“I’m constantly just watching late-night talk show hosts and studying what makes them so amazing,” she says. “What makes them so funny and witty and charming? How are they such eloquent speakers? They’re role models in addition to just pure entertainment to me.”
These days, The Daily Show’s Trevor Noah and The Late Show’s Stephen Colbert (“an alum of Northwestern, so instant bias,” Sobae says with a laugh) dominate both her TV and heart. The two are the latest in a string of talk show idols instrumental to her upbringing. “It’s a little embarrassing,” she says, “But I aspire to be like millennial Asian Oprah.”
“They call her the ambassador of empathy,” she explains. “I feel like that’s one of my biggest gifts: my ability to empathize and really open my heart up with whoever I’m speaking with.” Sobae also notes that Winfrey, through her multiple media, business, and philanthropic endeavors, showcases a concrete example of the present being “past the age where you’re pigeonholed into one job or genre.”
Following this jack-of-all-trades sentiment, ILZO & CO. has taken a unique approach of supplementing Sobae’s music with a direct focus on her struggles as an independent artist via the tightly-edited and playful video series Sobae’s Balls. Filmed overlooking Seoul, Sobae in each episode calls upon her broadcast journalism and talk-show radio experience in a self-deprecating and honest celebration of her journey—all while sitting in an inflatable tub filled with blue and white plastic balls. In the second episode, she explains the title of the series comes from the fact “it took a lot of balls to make the jump and pursue my life-long dream”; the next shot immediately catches her in a freeze-frame with “THE MILLENNIAL YOUR PARENTS WARNED YOU ABOUT” overlayed in big yellow letters.
“I feel like you always need to struggle with wanting to express yourself in the most honest way and the most ‘you-like’ way possible, but you got to be a commercial product,” she says. “I don’t know if you follow K-Pop, but we’re not like those huge companies; this is really as grassroots and struggling independent artist and label as it gets. I write my own songs, do my own promotion— I have to really put myself out there.”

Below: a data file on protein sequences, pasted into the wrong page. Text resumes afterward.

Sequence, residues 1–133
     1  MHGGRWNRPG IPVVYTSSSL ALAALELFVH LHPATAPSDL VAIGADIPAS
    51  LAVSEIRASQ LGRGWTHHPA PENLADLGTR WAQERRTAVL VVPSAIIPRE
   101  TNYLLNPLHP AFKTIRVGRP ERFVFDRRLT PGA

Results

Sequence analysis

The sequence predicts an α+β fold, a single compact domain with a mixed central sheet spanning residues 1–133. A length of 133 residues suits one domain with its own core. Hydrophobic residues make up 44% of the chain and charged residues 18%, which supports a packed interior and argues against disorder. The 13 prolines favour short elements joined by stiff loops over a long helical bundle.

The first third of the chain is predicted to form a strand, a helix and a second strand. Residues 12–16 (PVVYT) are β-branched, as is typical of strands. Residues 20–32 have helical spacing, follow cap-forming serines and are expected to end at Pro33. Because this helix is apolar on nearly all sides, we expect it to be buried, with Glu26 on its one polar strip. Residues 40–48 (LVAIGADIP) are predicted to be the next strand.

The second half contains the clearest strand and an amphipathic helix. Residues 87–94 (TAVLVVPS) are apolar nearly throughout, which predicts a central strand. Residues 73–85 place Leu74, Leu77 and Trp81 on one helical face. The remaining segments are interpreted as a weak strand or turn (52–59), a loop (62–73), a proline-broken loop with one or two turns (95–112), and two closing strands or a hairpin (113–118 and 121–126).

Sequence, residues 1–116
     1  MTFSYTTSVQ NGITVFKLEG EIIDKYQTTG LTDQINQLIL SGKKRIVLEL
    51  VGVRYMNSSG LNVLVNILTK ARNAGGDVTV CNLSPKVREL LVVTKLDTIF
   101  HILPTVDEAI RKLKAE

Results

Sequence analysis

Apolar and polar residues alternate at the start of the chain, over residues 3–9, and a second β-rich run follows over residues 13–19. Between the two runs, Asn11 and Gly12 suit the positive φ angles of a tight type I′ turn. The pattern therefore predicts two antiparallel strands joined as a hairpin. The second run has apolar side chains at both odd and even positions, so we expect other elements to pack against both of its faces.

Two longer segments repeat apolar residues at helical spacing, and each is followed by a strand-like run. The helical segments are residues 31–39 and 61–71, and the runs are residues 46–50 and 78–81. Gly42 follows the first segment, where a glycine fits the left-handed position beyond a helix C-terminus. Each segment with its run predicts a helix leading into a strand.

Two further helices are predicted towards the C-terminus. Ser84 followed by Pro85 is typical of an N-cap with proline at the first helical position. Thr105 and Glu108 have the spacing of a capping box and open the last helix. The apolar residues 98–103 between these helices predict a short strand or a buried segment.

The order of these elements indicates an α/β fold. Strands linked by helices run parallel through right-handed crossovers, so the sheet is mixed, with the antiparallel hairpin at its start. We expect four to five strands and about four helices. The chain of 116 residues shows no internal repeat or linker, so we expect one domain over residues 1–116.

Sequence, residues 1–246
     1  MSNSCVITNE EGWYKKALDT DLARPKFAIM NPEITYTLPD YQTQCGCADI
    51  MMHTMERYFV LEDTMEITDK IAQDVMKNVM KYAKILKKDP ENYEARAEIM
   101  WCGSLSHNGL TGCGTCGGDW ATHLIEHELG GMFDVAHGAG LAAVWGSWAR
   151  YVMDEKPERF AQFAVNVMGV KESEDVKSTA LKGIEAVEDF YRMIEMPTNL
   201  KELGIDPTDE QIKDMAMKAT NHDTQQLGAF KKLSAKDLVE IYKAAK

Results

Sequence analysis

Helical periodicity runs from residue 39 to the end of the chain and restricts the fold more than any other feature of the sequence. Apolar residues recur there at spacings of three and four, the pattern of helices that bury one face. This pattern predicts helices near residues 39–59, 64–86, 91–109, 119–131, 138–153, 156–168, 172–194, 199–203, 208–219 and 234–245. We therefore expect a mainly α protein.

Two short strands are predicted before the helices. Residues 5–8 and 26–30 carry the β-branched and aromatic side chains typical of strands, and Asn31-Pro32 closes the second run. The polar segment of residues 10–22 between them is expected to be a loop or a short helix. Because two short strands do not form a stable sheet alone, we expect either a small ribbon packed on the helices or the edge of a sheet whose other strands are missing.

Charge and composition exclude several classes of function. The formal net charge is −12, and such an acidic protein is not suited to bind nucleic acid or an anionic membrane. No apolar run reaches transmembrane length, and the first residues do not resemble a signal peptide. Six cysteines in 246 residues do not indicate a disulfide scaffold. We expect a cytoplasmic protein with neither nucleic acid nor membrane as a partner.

To keep up with the increasingly popular boy and girl groups of the industry much less the individual artists that spawn from them, Sobae and ILZO & CO. seek not to directly compete but instead to fill a niche and celebrate dichotomy. “If there’s any special insight that I can offer to an international audience, it’s that the lense with which I see Korea is through both a local and foreign lense,” she says. “I feel like there’s going to be sort of a growing...not demand, but interest, for people like myself who are straddling both worlds.” She brings up 88rising, a media and entertainment company founded in 2015 featuring musicians such as Indonesia’s Brian “Rich Brian” Imanuel and Nicole “NIKI” Zefanya and Japan’s George “Joji” Miller, for “nailing it right smack in-the-middle with bringing together Asian and American artists to an international audience.”
Such a strategy is evident in Sobae’s work: the SoundCloud track which got her noticed by Shin was a mashup of Stwo’s Virgo, Ciara’s Body Party, Kehlani’s Till the Morning, and Drake’s Hotline Bling; her singles with her label (Switch Up, Homegirl, Holiday, and Elevate, which is slated to release November 11) are not just completely self-produced but also unafraid to be in English, Korean, or both. “I wouldn’t say it’s so important to me to emphasize just that,” she says of this duality, “But I feel like in the Anglophone music market, my heritage and my cultural identity is definitely a differentiating factor.”
IN 2005 AT A SMALL LIBERAL ARTS SCHOOL by the name of Kenyon College in Gambier, Ohio, American writer David Foster Wallace gave a widely-circulated commencement speech that Sobae labels one of her “favorite pieces of written anything.” Wallace begins his roughly 20-minute speech with what he calls a “didactic little parable-ish” story: